|Origin:||Made In China|
|Category:||Chemicals / Agrochemicals / Veterinary Medicine|
|Label:||ovaprim injection , fish hormons , fish ovaprim|
|Min. Order:||5000 pc|
How is spawning triggered naturally?
Spawning, the release of gametes (mature oocytes/eggs by the female or of sperm/milt by the male) from the gonads (ovaries or testes), is the final event in the reproductive cycle (Rottmann et al. 1991a), and is the result of complex interactions between a variety of hormones and different tissues/organs in the fish's body.
The following description is a very simplified version of major events (Rottmann et al. 1991a; Figure 1a) that occur during natural spawning. Environmental and internal factors (which differ from species to species) trigger a hormone cascade leading to egg maturation and release in females, and sperm maturation and release in males. First, a hormone called "gonadotropin-releasing hormone" (GnRH) is released from the hypothalamus portion of the brain and travels to the pituitary gland, which then releases gonadotropin hormones (especially GtH-II). The gonadotropin hormones/GtH-II travel to the ovaries and testes and stimulate them to produce steroids and prostaglandins, hormones that act directly on the gonads to cause final maturation and release of oocytes ("eggs") in females (ovulation), and the release of sperm in males (spermiation) (Rottmann et al. 1991a; Evans and Claiborne 2006). In some species of fish, a compound called dopamine naturally blocks this hormone cascade and inhibits egg and sperm production under certain conditions, for example, exposure to major stressors.
What is Ovaprim?
Ovaprim is a two-part drug consisting of 1) a shorter, synthetic version of GnRH and 2) domperidone. Ovaprim is marketed ready to inject in a liquid form.
In the ornamental fish industry, Ovaprim is used as a spawning aid to induce ovulation (release of mature oocytes/eggs) and spermiation (release of milt/sperm) in mature, properly conditioned brood-fish. Ovaprim is especially useful for species for which natural spawning in captivity is difficult to induce.
NOTE: Use of Ovaprim does not guarantee successful fertilization, development, and hatch of fry. Overall good husbandry and hatchery management, including good genetics, proper nutrition, environment (including water quality), substrates, social structure, and other factors will affect egg and milt quality, egg hatch, and fry survival.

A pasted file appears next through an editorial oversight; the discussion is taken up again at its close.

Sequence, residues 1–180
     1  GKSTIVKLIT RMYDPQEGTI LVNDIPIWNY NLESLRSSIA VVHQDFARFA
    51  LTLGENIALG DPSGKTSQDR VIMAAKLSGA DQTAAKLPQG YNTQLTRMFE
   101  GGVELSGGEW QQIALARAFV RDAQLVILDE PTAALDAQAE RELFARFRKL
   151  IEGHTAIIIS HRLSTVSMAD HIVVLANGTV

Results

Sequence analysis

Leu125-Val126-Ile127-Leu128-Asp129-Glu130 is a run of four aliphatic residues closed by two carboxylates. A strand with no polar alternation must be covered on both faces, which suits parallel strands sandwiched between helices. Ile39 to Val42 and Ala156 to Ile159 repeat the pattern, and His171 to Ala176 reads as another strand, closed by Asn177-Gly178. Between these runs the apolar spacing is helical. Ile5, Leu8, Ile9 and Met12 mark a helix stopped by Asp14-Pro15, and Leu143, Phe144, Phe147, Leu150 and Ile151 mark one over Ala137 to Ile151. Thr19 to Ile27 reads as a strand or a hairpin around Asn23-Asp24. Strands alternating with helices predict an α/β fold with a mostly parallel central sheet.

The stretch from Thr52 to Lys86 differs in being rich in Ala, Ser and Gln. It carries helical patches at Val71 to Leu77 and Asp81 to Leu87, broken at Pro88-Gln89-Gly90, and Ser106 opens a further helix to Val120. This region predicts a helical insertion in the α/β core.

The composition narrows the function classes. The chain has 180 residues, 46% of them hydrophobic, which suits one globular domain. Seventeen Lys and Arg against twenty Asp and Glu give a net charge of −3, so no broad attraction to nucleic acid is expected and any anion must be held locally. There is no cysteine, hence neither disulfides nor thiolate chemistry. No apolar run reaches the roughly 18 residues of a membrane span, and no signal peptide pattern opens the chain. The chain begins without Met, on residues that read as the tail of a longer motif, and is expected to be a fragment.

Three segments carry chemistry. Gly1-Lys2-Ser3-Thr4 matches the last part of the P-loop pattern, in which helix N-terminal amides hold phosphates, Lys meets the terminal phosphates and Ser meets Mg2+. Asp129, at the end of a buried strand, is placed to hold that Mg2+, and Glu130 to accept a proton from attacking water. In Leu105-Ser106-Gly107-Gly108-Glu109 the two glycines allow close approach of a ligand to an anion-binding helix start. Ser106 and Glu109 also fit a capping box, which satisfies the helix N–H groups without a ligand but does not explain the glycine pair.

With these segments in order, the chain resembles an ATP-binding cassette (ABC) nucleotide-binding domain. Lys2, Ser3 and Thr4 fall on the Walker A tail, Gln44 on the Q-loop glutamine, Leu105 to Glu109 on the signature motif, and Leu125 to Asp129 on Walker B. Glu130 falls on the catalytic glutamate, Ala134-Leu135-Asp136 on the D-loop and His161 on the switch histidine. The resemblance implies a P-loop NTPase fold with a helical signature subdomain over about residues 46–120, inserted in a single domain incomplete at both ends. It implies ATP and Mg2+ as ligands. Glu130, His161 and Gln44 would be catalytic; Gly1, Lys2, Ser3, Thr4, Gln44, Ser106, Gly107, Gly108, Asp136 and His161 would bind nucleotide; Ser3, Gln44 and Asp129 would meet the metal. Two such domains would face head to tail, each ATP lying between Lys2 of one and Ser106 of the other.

How does Ovaprim work?
For some ornamental species, determining which natural environmental cues will lead to ovulation and spermiation has been difficult. Ovaprim's synthetic GnRH closely resembles that of naturally occurring GnRHs and, in many species, is actually more potent (Figure 1b). When injected into the body cavity (coelom or abdomen) or muscle of receptive, mature, conditioned fish, the synthetic GnRH travels from the injection site through the blood to activation sites in the pituitary gland. Ovaprim initiates the reproductive cascade and eliminates the need for a natural trigger. Domperidone, the other active component of Ovaprim, helps block the inhibitory effects of dopamine. Domperidone, therefore, is very important for induced spawning of species for which the reproductive cascade would be stopped because of stressors that lead to dopamine release, because dopamine will block GnRH activity.
How do I check my fish for maturity?
For many fish species, sex determination is based on the differences in coloration or body shape. In species where males and females look similar, one crude method that is often useful to determine sex of the fish is based on the larger volume of the eggs in conditioned females vs. sperm in males. Females may become more robust around the coelomic cavity (from enlarged ovaries due to egg yolk accumulation in late stages). In some cases, more robust fish may in fact be fat males. Consequently, careful collection and examination of eggs from the ovary (or sperm from the testes) is highly recommended for a more accurate assessment.
What supplies do I need to use Ovaprim?
Tank(s) with aerated water for sedation
Tank(s) with aerated water for recovery
Syringes with permanently attached needles or with luer lock tips and separate needles (22–28 gauge)
For smaller fish (100 grams or less), use of microliter (μL ) syringes with smaller gradations (typically 100 μL volume divided into 1 μL increments) and with screw-on needles will make administration simpler.
What else should I know before I use Ovaprim?
Because Ovaprim is a viscous liquid, the use of a syringe with a luer lock tip or permanently attached needle is recommended. Slip-on type needles may eject from the pressure, so if you use them, be sure they are seated on the syringe tightly.
To avoid introduction of bacteria or other pathogens via injection, use only sterile needles and syringes to withdraw Ovaprim from the bottle, and to inject the fish. After withdrawing the correct amount required for the specific fish, carefully point the syringe and needle upward and depress the syringe to remove any excess air.
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